WASHINGTON, September 24, 2013 – The Broadband Breakfast Club released the first video of its Broadband Breakfast Club Virtual Event, on “How High-Capacity Applications Are Driving Gigabit Connectivity.”

The dialogue featured Dr. Glenn Ricart, Chief Technology Officer, US IGNITESheldon Grizzle of GigTank in Chattanooga, Tennessee; Todd MarriottExecutive Director of UTOPIA, the Utah Telecommunications Open Infrastructure Agency, and Drew ClarkChairman and Publisher, BroadbandBreakfast.com.

Drew Clark

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WASHINGTON, September 2, 2010 – The Leadership Conference on Human and Civil Rights has offered its suggestions to the government on how to improve the access of low-income, minority and other underserved communities to important communications services like broadband.

The leadership conference is recommending that the Federal Communications Commission and the Federal-State Joint Board on Universal Service:

  • Move quickly to expand the Lifeline and Linkup programs to support broadband services that can support voice and other applications as was recommended in the National Broadband Plan;
  • Maximize the impact of the program by expanding eligibility and improving participation rates by enhancing outreach and administration by doing things such as mandating automatic enrollment programs so individuals who apply for benefits for one agency can automatically be enrolled for benefits through Lifeline and Linkup. It also suggests that group homes such as domestic violence and homeless shelters be allowed to use the Lifeline and Linkup programs;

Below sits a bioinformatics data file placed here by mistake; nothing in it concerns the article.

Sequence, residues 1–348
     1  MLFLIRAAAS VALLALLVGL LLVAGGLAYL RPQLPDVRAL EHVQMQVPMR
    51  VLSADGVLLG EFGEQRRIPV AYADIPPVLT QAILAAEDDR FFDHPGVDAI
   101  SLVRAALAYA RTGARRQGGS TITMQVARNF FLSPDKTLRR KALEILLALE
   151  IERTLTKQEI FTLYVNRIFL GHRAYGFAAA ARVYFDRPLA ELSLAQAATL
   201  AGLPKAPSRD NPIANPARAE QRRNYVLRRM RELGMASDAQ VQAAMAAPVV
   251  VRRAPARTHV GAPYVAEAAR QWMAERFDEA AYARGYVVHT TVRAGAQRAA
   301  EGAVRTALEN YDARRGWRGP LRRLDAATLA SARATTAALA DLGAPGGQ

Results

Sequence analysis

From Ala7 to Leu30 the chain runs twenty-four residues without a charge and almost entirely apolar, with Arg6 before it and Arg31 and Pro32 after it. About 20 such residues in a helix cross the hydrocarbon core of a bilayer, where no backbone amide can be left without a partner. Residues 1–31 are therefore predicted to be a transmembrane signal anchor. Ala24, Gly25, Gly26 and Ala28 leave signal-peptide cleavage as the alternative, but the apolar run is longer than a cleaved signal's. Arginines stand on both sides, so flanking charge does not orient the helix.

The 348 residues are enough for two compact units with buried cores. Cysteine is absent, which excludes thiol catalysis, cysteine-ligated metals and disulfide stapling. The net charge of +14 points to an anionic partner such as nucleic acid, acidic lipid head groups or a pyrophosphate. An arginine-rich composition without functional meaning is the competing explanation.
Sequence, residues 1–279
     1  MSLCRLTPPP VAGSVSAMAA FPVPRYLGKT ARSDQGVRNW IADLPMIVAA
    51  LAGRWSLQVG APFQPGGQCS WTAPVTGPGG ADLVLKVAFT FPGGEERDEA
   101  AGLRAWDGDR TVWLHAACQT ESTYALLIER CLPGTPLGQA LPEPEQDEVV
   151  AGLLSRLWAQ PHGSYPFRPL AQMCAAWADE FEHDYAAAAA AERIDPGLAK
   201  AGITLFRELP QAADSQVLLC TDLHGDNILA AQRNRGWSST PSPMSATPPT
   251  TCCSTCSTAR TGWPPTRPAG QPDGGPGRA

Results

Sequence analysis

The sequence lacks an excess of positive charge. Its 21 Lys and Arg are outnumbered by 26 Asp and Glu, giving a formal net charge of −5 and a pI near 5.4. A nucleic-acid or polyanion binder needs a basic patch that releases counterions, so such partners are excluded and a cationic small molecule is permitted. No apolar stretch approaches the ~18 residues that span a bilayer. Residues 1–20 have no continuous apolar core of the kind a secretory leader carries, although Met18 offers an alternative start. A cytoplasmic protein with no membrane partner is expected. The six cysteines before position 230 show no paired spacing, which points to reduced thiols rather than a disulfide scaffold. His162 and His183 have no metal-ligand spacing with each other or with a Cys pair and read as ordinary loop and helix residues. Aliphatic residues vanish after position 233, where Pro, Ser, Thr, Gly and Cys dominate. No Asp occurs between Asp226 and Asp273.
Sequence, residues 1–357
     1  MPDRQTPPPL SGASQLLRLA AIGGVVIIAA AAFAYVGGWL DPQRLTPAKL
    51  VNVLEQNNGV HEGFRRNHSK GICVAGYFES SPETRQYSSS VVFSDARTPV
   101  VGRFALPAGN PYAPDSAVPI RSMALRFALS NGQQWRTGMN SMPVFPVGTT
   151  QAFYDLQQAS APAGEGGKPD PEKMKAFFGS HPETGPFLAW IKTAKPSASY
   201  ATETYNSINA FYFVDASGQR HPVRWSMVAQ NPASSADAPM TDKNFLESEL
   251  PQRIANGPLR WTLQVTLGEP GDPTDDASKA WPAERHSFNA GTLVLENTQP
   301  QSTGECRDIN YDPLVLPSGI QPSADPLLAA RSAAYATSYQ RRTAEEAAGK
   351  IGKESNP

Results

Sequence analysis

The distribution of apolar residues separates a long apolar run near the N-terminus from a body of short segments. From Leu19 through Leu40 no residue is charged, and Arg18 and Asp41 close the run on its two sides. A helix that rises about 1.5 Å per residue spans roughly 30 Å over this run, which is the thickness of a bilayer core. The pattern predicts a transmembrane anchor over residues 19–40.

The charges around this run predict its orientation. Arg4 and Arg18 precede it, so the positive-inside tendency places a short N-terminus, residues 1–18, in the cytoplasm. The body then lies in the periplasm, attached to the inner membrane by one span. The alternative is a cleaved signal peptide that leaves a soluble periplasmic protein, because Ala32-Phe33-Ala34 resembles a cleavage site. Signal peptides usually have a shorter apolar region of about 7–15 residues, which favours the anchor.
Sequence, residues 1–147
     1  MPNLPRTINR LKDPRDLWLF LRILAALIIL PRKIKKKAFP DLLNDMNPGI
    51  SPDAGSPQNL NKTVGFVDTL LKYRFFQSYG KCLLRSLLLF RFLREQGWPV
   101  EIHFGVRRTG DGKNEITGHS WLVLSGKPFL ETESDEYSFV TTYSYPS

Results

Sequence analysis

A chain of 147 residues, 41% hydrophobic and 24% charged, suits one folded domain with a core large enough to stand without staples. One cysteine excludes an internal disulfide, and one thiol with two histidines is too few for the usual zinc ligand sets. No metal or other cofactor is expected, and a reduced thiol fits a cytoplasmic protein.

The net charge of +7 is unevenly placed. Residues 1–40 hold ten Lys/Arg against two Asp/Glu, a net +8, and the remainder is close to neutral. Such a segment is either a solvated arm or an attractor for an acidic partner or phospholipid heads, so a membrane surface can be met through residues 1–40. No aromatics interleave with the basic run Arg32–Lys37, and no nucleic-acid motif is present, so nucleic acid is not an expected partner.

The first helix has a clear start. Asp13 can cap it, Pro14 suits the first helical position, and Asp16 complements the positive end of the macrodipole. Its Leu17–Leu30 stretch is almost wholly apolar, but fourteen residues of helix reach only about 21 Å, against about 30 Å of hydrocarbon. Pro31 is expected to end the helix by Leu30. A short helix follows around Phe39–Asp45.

• Allow low-income consumers flexibility to meet their needs while ensuring companies don’t receive compensation for poor services. For example, the government could look at ways that universal service funds might help support digital literacy. Additionally, it should review concerns that some states require individuals to apply for unemployment benefits online but those consumers might not have access to the internet to do so; and
  • Develop electronic management tools to reach low-income populations online.

Continue Reading

#broadbandlive

Breakfast Club Video: ‘Gigabit and Ultra-High-Speed Networks: Where They Stand Now and How They Are Building the Future’

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Published

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WASHINGTON, September 2, 2010 – The Leadership Conference on Human and Civil Rights has offered its suggestions to the government on how to improve the access of low-income, minority and other underserved communities to important communications services like broadband.

The leadership conference is recommending that the Federal Communications Commission and the Federal-State Joint Board on Universal Service:

  • Move quickly to expand the Lifeline and Linkup programs to support broadband services that can support voice and other applications as was recommended in the National Broadband Plan;
  • Maximize the impact of the program by expanding eligibility and improving participation rates by enhancing outreach and administration by doing things such as mandating automatic enrollment programs so individuals who apply for benefits for one agency can automatically be enrolled for benefits through Lifeline and Linkup. It also suggests that group homes such as domestic violence and homeless shelters be allowed to use the Lifeline and Linkup programs;
  • Allow low-income consumers flexibility to meet their needs while ensuring companies don’t receive compensation for poor services. For example, the government could look at ways that universal service funds might help support digital literacy. Additionally, it should review concerns that some states require individuals to apply for unemployment benefits online but those consumers might not have access to the internet to do so; and
  • Develop electronic management tools to reach low-income populations online.

Continue Reading